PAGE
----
B. Duties of Audit Committee
There are several requirements recommended in the NYSE Report relating to audit committees that should not apply to investment companies. Each of these is discussed below.
Retention and Termination of Auditor
The Institute requests that the NYSE clarify that investment companies will satisfy the requirement that the audit committee retain and terminate the company’s auditor if these decisions are made by a majority of independent directors in compliance with the Investment Company Act. Section 32(a) of the Act makes it unlawful for a registered investment company to file financial statements signed or certified by an independent public accountant unless, among other things, the accountant was selected by a vote of a majority of independent directors, cast in person, at a meeting held within thirty days before or after the beginning of the fiscal year or before the annual shareholders meeting. This requirement assures independent board oversight of independent auditors, while avoiding the imposition of two different approval requirements.
Review of Earnings Information
The Institute recommends excluding investment companies from the requirement that audit committee members discuss earnings press releases as well as financial information and earnings guidance provided to analysts and rating agencies. As a preliminary matter, investment companies do not have earnings targets, nor do they provide earnings guidance to security analysts. Further, as previously discussed, because statements of an investment company’s earnings and earnings press releases are more straightforward than those of operating companies, oversight by the audit committee is not necessary.
Separate Meeting Requirement
The Institute recommends excluding investment companies from the requirement that audit committees meet separately, at least quarterly, with management, with internal auditors (or other personnel responsible for the internal audit function), and with independent auditors. Instead, we recommend that investment company audit committees be required to meet at least twice a year, with the committee meeting separately, at least annually, with management, personnel responsible for the internal audit function and independent auditors. Our recommendation would tailor the requirement for investment companies to be consistent with their financial statement reporting requirements. 21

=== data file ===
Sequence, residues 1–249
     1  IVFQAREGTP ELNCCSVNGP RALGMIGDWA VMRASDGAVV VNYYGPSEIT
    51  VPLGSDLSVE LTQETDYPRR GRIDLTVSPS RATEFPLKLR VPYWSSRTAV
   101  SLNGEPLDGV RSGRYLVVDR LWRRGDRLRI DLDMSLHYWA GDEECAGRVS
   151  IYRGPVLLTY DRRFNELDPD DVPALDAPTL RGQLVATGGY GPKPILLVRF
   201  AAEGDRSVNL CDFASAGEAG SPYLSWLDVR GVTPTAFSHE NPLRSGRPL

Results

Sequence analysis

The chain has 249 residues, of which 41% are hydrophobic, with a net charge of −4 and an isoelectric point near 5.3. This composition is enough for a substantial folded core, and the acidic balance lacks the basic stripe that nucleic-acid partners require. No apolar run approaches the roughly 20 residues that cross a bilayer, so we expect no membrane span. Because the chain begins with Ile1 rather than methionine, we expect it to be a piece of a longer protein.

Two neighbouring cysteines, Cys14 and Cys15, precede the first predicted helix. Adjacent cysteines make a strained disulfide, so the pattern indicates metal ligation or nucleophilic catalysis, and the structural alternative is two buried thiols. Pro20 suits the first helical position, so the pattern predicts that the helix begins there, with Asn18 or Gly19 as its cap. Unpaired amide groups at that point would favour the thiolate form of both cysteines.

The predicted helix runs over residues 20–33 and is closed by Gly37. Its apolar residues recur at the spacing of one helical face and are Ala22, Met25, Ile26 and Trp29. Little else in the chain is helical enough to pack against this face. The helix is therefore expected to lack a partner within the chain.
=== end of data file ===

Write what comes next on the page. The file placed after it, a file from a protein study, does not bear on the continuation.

C. Audit Committee Chair
The NYSE Report recommends that the audit committee chair of a listed company be required to have accounting or related financial management expertise. This requirement should not apply to investment companies. Instead, the audit committee chair of an investment company should be required to have experience with respect to investment company matters. We believe that providing a different, yet comparable, requirement for investment company audit committee chairs is consistent with the concept of requiring the audit committee chair to have the appropriate background to play a strong leadership role. We do not believe it is necessary to require accounting or related financial management expertise for the audit committee chair because, unlike operating companies, the assets of investment companies consist exclusively of investment securities. Further, gains and losses generally are determined by reference to market prices for the fund’s securities, which are determined daily.
Consequently, the review of fund financial statements does not require professional certification in accounting or past employment experience given the relatively straightforward accounting policies employed by funds. In addition, investment companies and their investors benefit from having directors with a broad investment orientation rather than expertise in finance or accounting.
V. Code of Business Conduct and Ethics